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(Elli Slavitch / McGill Tribune)

Commentary: The polarizing impact of Facebook events

a/Opinion by

The Winter General Assembly (GA) produced a large turnout and generated passionate debate, prior to and after the vote, mostly due to the proposed “Motion Regarding Divestment from Companies Profiting from the Illegal Occupation of the Palestinian Territories.” While political discussions on campus may have taken up a lot of space in recent weeks, the voices of many students are left unheard.

With McGill’s student population of roughly 27,000 undergraduates, it’s difficult but extremely important to have a representative vote. There should be less of a focus on who votes for what at assemblies, and more of a focus on actually getting students to vote. A big part of the political apathy and ambivalence seen on campus is due to social media, specifically polarizing Facebook events titled “Vote Yes for XYZ” or “Vote No” that exclude students who have not yet formed an opinion on an issue.

Since these Facebook events are often emotionally charged, this pushes a significant number of students away from participating in the discussion and the vote. When someone isn’t informed about an issue on campus, they won’t take the time to vote. When a student is unsure of how to vote, such events discourage an open dialogue and make it difficult for students to find unbiased information about the issue at hand. Students may feel uncomfortable asking for information about political debates from their peers who are so emotionally invested in the issues. Students should feel like they fit in on campus and these events leave many undecided voters in an awkward in-between space, with very little guidance on how to form an opinion on the issue.

If SSMU wants a vote that is representative of the opinions of the student body, it should find a better way to provide students with detailed information on the issues, thereby allowing them to make an informed decision and exercise their democratic right.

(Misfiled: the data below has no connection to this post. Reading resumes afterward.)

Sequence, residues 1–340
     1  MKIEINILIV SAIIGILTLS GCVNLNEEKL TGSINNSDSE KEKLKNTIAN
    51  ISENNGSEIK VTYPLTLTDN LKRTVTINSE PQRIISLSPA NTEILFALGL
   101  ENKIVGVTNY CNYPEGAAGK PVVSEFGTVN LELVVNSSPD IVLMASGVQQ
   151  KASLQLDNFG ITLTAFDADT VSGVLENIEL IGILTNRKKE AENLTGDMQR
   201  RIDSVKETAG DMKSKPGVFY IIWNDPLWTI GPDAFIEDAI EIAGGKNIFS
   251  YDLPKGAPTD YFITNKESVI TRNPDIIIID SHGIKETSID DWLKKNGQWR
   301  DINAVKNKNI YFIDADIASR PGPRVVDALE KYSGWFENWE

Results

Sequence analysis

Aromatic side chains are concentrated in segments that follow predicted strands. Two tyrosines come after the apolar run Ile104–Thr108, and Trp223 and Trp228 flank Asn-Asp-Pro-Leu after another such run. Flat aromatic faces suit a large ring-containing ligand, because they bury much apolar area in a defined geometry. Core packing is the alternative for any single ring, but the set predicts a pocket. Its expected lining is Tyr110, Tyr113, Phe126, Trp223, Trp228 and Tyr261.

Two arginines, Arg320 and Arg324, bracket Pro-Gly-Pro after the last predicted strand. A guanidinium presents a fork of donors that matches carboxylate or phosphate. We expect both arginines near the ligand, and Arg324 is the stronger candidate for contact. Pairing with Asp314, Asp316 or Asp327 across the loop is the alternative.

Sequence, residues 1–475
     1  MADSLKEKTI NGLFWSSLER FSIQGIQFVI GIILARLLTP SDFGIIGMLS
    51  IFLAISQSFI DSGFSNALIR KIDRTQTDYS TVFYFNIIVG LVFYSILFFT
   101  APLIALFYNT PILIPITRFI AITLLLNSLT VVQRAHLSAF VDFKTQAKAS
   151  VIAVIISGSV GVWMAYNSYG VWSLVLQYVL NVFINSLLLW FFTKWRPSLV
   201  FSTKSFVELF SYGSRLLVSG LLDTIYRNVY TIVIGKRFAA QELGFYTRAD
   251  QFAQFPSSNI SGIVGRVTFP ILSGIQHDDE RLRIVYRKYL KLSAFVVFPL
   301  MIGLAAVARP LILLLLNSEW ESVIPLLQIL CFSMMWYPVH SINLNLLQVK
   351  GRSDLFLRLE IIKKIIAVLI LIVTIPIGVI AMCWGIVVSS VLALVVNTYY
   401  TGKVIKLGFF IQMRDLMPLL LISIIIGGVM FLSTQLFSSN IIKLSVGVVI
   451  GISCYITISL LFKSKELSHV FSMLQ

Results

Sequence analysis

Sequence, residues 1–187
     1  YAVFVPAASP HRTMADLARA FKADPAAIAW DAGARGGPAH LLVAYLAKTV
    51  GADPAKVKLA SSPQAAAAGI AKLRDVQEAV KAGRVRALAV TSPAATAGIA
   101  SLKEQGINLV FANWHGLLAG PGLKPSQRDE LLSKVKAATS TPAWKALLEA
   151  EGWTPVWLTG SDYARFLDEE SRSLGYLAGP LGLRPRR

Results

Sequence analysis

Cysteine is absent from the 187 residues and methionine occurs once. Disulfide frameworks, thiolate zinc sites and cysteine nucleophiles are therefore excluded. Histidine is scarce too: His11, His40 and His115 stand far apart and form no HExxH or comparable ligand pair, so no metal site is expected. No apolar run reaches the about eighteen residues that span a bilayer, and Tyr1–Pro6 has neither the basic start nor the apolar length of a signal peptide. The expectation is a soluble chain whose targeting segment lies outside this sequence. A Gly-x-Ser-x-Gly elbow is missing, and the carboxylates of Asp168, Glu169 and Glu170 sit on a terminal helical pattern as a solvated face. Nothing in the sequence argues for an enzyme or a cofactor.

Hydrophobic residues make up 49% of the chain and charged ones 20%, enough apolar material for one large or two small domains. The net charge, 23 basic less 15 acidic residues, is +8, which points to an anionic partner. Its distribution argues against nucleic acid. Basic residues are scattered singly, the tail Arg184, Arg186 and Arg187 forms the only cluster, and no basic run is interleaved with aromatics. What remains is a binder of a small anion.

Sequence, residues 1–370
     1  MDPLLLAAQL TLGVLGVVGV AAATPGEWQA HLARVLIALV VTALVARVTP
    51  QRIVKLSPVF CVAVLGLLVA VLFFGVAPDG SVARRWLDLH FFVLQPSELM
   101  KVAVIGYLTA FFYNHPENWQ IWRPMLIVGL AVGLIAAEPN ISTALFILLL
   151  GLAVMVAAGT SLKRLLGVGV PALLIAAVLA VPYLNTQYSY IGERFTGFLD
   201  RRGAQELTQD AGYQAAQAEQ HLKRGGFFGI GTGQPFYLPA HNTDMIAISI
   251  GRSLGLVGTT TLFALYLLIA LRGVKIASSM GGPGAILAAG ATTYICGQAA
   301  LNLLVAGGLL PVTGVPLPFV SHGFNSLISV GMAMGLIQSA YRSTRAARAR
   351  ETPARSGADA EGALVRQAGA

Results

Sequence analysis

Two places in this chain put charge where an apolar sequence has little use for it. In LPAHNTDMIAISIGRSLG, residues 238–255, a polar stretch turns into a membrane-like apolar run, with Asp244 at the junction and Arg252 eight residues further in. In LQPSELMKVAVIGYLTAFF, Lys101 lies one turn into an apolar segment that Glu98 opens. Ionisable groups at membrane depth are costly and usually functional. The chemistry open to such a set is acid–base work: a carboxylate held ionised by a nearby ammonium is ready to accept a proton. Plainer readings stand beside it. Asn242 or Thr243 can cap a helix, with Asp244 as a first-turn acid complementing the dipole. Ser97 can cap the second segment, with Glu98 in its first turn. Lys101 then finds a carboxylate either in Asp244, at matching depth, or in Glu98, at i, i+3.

It may be argued that it is easier than ever to find information and it is the student’s responsibility to be proactive in doing this. The internet can without a doubt be used as a vital tool in self-education and forming an opinion, but it can also be used to promote biased information depending on the source. In addition, students may feel unmotivated, apprehensive to involve themselves in a polarized issue, or that their voice may not matter when there are plenty of other students deeply involved in the issue, advocating for either side. In order to convince students who are undecided to vote, this motivation needs to be fuelled by education. Politically motivated Facebook events allow for many students to be on either end of the spectrum—either extremely invested in the issue, or entirely apathetic. If the Students’ Society of McGill University (SSMU) wants a vote that is representative of the opinions of the student body, it should find a better way to provide students with detailed information on the issues, thereby allowing them to make an informed decision and exercise their democratic right.

While it can be important to share one’s views, not all students are comfortable publicizing their political stance on Facebook. Students should feel comfortable sharing their opinions but sometimes, especially in the last GA, these views can cause individuals to feel marginalized or judged on campus.

While SSMU did have a general Facebook event for this GA, it should focus on mobilizing students who wouldn’t usually attend or vote. Since some students may not have much background information on certain issues, it could be beneficial for SSMU to post shorter summaries of the motions online for students to read and post links to scholarly articles or events for undecided students, instead of relying on the influence of Facebook rants by their peers. The solution should be a proper education on the political debates on campus, and once students are educated and motivated, then this would hopefully result in a more representative vote.

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